For over three decades reproductive technologies have been available which allow parents to select between embryos based on their genetic makeup. Soon two novel ways of influencing a child’s genome could also become available. In 2013, personal genomics company 23andMe received a patent to a technology called ‘Gamete Donor Selection Based on Genetic Calculations.’ This technology would allow individuals accessing assisted reproductive services to choose between sperm or egg donors based on the likelihood of the embryos having a particular genetic makeup. Technologies like this allow parents to create rather than select embryos with desirable genetic characteristics. In addition genetic engineering technologies continue to improve. The recently developed ‘CRISPR’ technique provides a more precise way of altering the genome than previous methods, and is the first modification technology with real potential to be used on human embryos. Technologies like this may allow parents to modify the genetic material of existing embryos.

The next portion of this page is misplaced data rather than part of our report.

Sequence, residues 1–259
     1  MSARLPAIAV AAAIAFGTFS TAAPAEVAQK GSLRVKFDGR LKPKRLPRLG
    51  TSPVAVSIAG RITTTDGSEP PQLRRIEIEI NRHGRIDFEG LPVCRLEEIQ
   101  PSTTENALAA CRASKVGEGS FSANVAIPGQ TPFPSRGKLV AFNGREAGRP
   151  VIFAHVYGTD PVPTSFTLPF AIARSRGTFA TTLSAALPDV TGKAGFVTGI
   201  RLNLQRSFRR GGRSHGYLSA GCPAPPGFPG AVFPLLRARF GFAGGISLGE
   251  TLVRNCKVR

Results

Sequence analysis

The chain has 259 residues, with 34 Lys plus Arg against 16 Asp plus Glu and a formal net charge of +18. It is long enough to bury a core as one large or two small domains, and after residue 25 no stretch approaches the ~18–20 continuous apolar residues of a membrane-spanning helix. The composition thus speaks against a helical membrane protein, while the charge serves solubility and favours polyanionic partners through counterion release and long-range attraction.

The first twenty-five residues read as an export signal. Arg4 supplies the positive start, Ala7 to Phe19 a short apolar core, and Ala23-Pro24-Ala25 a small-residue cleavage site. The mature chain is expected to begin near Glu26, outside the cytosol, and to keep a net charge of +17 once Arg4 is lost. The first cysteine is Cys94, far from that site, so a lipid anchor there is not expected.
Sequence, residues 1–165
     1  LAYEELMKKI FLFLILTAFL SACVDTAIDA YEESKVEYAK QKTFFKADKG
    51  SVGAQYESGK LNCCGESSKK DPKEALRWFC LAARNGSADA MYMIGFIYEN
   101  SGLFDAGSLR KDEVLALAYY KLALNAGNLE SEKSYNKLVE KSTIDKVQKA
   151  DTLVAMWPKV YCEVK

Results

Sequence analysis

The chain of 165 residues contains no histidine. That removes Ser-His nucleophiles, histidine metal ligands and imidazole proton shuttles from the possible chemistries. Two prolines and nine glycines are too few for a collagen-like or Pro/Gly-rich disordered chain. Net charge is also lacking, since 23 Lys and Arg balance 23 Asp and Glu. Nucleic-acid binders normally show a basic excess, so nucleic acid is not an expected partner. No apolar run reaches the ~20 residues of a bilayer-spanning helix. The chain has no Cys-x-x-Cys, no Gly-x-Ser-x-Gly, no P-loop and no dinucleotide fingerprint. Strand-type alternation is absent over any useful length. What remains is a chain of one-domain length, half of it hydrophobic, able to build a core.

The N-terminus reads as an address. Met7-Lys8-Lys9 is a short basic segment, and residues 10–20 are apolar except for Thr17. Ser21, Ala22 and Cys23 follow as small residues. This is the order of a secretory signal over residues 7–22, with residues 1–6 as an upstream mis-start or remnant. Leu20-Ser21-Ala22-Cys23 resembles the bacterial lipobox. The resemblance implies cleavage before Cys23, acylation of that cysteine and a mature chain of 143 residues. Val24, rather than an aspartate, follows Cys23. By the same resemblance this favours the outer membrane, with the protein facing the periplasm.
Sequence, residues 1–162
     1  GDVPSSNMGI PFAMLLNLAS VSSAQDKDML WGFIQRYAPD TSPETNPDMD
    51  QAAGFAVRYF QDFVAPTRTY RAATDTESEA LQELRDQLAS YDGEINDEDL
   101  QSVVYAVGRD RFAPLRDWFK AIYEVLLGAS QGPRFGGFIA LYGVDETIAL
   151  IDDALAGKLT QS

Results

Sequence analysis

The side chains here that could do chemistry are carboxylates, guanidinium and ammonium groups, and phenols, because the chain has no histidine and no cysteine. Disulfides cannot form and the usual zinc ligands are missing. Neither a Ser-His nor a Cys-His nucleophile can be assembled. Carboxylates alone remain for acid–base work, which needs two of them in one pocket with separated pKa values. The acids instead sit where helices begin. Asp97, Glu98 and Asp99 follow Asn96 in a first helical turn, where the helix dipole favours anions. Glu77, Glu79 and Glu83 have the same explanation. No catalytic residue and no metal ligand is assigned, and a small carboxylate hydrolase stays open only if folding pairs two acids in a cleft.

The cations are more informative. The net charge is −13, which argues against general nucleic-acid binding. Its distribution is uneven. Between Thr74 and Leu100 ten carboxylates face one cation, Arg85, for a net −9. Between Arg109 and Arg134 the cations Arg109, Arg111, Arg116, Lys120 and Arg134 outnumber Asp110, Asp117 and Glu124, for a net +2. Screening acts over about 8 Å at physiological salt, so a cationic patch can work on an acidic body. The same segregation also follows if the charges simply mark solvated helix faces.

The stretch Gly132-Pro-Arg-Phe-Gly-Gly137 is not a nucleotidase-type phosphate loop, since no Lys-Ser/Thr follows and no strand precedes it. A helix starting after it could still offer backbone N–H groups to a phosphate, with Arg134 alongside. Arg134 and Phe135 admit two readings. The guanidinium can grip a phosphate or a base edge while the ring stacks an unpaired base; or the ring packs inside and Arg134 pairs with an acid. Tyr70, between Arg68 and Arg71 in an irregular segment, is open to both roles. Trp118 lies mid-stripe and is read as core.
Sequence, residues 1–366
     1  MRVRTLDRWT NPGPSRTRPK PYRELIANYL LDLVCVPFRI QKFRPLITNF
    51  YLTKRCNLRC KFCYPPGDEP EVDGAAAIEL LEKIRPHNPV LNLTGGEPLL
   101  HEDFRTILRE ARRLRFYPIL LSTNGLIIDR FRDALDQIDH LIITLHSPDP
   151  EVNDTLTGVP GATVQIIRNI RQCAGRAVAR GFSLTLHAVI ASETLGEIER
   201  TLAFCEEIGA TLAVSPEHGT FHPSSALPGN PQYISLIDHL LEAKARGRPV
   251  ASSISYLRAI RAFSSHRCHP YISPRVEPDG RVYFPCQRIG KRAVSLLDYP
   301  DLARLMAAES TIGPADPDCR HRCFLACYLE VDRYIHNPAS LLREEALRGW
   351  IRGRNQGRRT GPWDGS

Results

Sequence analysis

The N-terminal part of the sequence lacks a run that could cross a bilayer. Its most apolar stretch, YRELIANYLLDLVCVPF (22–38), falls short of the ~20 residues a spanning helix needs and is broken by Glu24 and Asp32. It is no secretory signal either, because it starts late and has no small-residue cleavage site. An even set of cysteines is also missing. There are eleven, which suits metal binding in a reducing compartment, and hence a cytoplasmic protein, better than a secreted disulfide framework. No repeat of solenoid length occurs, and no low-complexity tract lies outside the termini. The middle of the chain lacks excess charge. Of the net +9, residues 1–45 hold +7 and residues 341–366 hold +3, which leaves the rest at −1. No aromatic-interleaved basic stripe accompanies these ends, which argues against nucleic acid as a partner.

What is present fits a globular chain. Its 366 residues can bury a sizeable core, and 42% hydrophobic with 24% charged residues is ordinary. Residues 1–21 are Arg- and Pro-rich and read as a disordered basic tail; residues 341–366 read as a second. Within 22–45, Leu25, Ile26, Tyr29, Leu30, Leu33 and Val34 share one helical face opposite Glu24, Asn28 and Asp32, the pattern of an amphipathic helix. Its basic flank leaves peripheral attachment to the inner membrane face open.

These developments are seen by some as raising very serious ethical worries, and by others as promising to promote human flourishing. Therefore there is an urgent need to give them systematic ethical scrutiny.
If elected to this fellowship I will conduct a rigorous review of embryo creation, modification and section technologies and their ethical, political and philosophical implications. Built on an in-depth understanding of the science behind these technologies, my project will encompass an analysis of relevant philosophical and ethical issues, before delivering practical policy suggestions. This project will be the first extensive overview of the ethics of embryo creation technologies, the specific ethical issues raised by the CRISPR technique, and the moral and philosophical differences between embryo selection, creation and modification technologies.